The other side of the fence
Bethany J. Royer
Mother of the Munchkins
My writing has fallen into a rut about my divorce.
I would complain if not for the fact that divorce has become my cause; much like someone who must deal with a personal illness may take up a cause for cancer or heart disease.
When a parent has lost a child to a drunk driver and they become active in MADD.
For me, divorce and I have literally been siblings in constant rivalry since I was eleven years old. We’ve been forced together on a very long, tumultuous path where we’ve tussled, pulled each other’s hair and tripped one another up along the way, only for the two of us to finally come to a fork in the road.
Now I have to make a choice of whether I will continue to fight with divorce or finally win.
I’ve decided upon the latter, and I’m going to help others win, too.
Now, don’t misconstrue that this means winning at the expensive of an ex-spouse, that’s not what I mean by winning. There are no winners in divorce between former partners and certainly not for the kids who find themselves innocently involved.
Rather, I look to rewrite everything we’ve come to expect in terms of divorce; even marriage for that matter, to somehow put a stop to divorce being victorious over one out of every two marriages.
I just haven’t figured out the how, yet.
At least I know the why as I try to get the after-effects of my own divorce straight, keep a healthy emotional balance, and do what is right, especially with kids involved.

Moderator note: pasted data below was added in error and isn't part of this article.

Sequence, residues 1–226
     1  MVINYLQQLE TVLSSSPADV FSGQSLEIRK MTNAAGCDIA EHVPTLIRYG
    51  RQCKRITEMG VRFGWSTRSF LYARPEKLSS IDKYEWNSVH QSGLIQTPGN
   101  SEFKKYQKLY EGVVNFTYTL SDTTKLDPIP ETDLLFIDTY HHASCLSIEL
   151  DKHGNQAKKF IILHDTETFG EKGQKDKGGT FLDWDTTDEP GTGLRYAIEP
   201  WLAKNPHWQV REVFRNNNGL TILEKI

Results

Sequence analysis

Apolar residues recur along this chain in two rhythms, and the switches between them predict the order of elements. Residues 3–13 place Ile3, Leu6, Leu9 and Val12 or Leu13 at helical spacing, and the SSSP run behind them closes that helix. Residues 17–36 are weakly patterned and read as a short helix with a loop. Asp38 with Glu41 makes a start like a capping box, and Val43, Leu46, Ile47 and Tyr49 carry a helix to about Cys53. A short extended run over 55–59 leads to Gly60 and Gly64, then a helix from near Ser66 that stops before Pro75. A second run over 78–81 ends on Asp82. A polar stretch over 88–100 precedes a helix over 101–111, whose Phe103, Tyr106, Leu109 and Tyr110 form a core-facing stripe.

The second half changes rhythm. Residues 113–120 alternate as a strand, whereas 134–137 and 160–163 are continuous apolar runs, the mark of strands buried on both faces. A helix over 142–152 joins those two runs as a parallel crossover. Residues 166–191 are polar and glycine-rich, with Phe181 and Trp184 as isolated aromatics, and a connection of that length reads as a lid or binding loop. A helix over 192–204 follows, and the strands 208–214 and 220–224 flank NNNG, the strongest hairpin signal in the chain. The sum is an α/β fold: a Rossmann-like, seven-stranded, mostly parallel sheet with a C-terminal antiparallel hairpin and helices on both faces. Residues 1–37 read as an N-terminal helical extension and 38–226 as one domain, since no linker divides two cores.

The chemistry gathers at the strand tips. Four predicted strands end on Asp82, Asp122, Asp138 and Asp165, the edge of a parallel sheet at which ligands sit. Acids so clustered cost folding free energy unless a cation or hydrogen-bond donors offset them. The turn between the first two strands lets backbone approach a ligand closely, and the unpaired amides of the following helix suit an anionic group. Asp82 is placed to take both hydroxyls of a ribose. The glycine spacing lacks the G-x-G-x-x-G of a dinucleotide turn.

A member of my divorce support group once gave the advice, as I shared my more recent struggles to keep a healthy balance, that when it comes to kids in a divorce you have to treat it like a business. That the former spouses are business partners, nothing more. As business partners your goal is to make the business productive and successful, that being the kids.
Makes sense and I can appreciate this analogy but it also makes everything cold.
It coats a beautiful wedding day in ice.
It makes the miracle of not one but two births mechanical.
It makes every word ever spoken between partners with love, devotion, and sincerity seem like the same long-winded words being spoken in a business meeting that has dragged on for an hour too long.
After a less-than-savory exchange with my ex-spouse a couple of weeks ago, that included the always tumultuous and much dreaded chatter over child-support, I found myself desperate to figure out what would make this easier. (Besides the snarky obvious) How does one make divorce easier, how to make child-support less of a battlefield?
I turned back to emailed conversations with John Logan, CEO and Chairman of, Wedlock, and mulled over my idea for legislation geared towards mandatory divorce insurance.
Is this the only way to make divorce, and such touchy subjects as child-support, easier?
Or is the answer to be found in our being far more proactive? Where a stark warning tag comes along with the engagement ring that lists the sad percentages for divorce and the names of local divorce attorneys?
That a marriage license becomes akin to that of a driver’s license with so many hours of schooling required and so many hours behind the wheel, or in the case of marriage, so many therapy hours beforehand?
The only thing I know with definite certainty, besides the fact I loathe everything that is divorce, is that I preferred the other side of the fence, the married side; at least that side was a far more fun topic to write.
The mother of two munchkins, Bethany J. Royer is an independent contractor and writer currently studying psychology with Florida Institute of Technology. She is actively seeking a publisher for her first completed novel while working on a memoir about her personal trials and tribulations with divorce. She blogs prolifically at motherofthemunchkins.blogspot.com and can be reached at email@example.com.